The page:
The actual Medical Device Directive (MDD) 93/42/EEC and the Active Implantable Medical Device Directive (AIMDD) 90/385/ECC are the basic directives for all kinds of medical devices in Europe. These directives are mandatory for all member states and have to be put into national legislation by the national parliaments within a given time limit. It is not allowed to reduce or change the requirements of the directive but the parliaments can implement additional requirements like the German “Medizinprodukteberater” (consultant for medical devices) in §31 of the German medical device law.
In contrast to the Medical Device Directive the Medical Device Regulation (MDR) comes directly from the European Commission in Brussels without any approval by the national parliaments and has to be applied as European, supranational law within a given time limit. Additional national requirements resolved by the national parliaments are possible.
One of the reasons for the new MDR was the PIP-scandal: One manufacturer used the cheaper industrial silicon for breast implants instead of the ultra-pure medical silicon. Once this scandal had been made known publicly the Commission decided to tighten up the directive to prevent this kind of criminal process.
The actual MDD 93/42/EEC has 60 pages including 23 articles (24 pages) and 12 Annexes (36 pages). The new MDR consists of 333 pages with 123 articles (92 pages) and 17 annexes (241 pages). The main changes or new content of the MDR are:
- The manufacturer hat to appoint a qualified person in the company which has qualified know-how in the field of medical devices.
- The European EUDAMED database will be broadly enlarged.
- The activities and the review certification of the notified bodies will be harmonized Europe-wide (MDR certificate)
- There will be a change in the conformity assessment procedure. A procedure comparable with Annex VI of the MDD is no longer available.
- A so-called Scrutiny Procedure was implemented: The notified bodies can be committed to report any new application for a conformity assessment for a high-risk product to the medical device coordination group (MDCG) which decides on the clinical evaluation of the product.
- The classification of some products will change: Some of the implantable products which are now class IIb products (MDD) will meet the requirements for class III products and software will rarely be a class I product.
- The requirements for reprocessing of disposable products have increased.
- A more detailed specification of the technical documentation of the medical device was included in Annex II of the MDR. A new request of the MDR is the continuous update of the documentation.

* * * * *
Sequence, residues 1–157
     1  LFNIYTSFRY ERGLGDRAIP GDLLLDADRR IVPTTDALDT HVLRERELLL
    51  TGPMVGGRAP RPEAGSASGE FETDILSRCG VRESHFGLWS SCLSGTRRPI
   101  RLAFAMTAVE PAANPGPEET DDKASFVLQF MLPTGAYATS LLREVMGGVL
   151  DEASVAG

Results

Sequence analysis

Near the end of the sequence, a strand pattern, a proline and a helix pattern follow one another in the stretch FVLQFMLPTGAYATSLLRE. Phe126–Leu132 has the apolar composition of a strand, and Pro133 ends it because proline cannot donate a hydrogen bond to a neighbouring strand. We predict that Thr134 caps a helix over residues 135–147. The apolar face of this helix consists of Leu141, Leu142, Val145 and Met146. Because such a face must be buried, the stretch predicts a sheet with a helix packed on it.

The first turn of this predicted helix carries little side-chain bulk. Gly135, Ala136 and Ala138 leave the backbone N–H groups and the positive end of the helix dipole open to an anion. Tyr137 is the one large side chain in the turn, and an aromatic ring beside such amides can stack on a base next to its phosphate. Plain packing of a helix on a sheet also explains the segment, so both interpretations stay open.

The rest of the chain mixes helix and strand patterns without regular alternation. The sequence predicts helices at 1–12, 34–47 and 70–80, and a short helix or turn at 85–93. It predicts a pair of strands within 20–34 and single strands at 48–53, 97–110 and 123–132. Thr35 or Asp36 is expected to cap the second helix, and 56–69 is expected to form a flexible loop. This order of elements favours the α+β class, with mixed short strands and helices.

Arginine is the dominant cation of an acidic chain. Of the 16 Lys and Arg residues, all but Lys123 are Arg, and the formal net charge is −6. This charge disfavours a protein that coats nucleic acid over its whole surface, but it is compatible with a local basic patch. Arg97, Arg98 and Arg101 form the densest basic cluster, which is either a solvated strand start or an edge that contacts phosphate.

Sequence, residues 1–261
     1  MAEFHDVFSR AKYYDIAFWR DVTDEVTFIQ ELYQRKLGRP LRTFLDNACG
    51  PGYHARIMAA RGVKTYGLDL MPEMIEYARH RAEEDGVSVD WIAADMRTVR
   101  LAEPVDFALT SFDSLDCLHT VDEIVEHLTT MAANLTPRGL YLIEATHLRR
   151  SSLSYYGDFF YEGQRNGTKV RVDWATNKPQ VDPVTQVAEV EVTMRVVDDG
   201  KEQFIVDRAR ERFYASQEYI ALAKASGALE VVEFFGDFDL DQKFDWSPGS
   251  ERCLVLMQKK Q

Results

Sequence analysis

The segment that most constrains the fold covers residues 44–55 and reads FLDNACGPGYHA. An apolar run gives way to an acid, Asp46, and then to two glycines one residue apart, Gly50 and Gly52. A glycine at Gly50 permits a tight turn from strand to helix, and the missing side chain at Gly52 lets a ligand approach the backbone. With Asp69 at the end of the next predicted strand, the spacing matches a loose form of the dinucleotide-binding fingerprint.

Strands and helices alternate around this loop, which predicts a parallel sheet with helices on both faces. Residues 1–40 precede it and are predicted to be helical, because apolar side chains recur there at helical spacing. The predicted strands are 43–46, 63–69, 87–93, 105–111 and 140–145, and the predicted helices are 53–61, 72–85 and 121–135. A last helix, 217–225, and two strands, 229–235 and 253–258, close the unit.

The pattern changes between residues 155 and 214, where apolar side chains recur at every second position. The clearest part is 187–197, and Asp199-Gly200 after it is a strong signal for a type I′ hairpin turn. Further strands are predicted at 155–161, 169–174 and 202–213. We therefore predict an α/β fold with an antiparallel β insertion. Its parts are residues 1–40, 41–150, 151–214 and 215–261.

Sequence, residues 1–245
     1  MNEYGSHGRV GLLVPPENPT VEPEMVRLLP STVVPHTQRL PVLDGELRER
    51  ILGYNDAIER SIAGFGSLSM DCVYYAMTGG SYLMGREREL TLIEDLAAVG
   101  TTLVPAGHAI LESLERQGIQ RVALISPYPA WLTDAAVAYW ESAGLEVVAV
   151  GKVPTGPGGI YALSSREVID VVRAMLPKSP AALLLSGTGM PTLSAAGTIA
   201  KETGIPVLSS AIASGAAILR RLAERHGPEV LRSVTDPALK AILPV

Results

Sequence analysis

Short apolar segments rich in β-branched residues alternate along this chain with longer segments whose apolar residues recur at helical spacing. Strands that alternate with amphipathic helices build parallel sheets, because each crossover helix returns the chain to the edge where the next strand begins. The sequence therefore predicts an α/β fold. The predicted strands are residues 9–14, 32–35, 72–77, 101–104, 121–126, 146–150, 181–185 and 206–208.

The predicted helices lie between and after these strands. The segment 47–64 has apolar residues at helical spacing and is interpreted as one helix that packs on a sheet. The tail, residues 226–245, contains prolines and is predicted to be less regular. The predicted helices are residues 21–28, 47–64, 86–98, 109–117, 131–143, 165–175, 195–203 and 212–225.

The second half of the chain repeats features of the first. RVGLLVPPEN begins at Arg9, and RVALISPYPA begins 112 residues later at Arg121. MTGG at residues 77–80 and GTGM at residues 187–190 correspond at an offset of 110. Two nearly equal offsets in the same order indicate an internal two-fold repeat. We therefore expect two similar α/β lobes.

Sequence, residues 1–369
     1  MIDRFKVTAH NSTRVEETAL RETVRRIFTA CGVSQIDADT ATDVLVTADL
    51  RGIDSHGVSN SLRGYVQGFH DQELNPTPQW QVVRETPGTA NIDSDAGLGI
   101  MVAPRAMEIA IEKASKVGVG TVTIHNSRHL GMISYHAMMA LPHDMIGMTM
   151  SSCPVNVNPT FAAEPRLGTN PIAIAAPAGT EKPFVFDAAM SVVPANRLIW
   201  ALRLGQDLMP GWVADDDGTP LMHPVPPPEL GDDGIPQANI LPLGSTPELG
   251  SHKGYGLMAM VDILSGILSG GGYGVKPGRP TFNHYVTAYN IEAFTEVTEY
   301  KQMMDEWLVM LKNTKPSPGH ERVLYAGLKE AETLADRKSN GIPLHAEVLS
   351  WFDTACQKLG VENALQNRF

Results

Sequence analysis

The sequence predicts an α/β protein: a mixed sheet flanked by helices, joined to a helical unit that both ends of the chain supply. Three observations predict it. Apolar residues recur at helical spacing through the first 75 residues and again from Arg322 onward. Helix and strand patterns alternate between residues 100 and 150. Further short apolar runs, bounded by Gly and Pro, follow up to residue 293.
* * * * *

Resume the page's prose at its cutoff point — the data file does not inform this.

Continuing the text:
- The retention period of the technical documentation was doubled from 5 years for the MDD to 10 years for the MDR.
- Each medical product needs a unique device identification (UDI). With this identification system the Commission plans an obligation for identification and registration of medical products.
- There are new requirements for labelling of medical devices.
- Clinical evaluation and clinical investigation will be regulated and prescribed in more detail.
- The clinical evaluation has to be updated with post market information of the now important post market surveillance.
- The following figure shows the dependencies between documents under the MDR:
CE-P: Clinical Evaluation Plan
CE-R: Clinical Evaluation Report
PMS-P: Post Market Surveillance Plan
PMS-R: Post Market Surveillance Report
PSUR: Periodic Safety Update Report
PMCF: Post Market Clinical Follow Up
IFU: Instructions for Use
RM-P: Risk Management Plan
RM-R: Risk Management Report
The intention of the new MDR was to tighten up the MDD to make the medical products safer and more reliable. By upgrading the existing directives to a European regulation the conformity assessment procedure will be a uniform process in all member states which makes the results consistent and more transparent. To achieve that the MDR will put more emphasize on documentation for the manufacturer of a medical product. This will lead to rising costs for the final MDR-conform medical product. Additional cost will come due to the obligation for a new conformity assessment procedure for medical products already approved under the MDD, additional effort for post market surveillance and post market clinical follow-up as well as for the Compliance Officer. For small and medium enterprises there will be the risk that they do not have the necessary man power and/or the necessary financial resources to be compliant with the new regulation. As a consequence there is the risk that many small and medium enterprises and their products (!) will disappear from the market.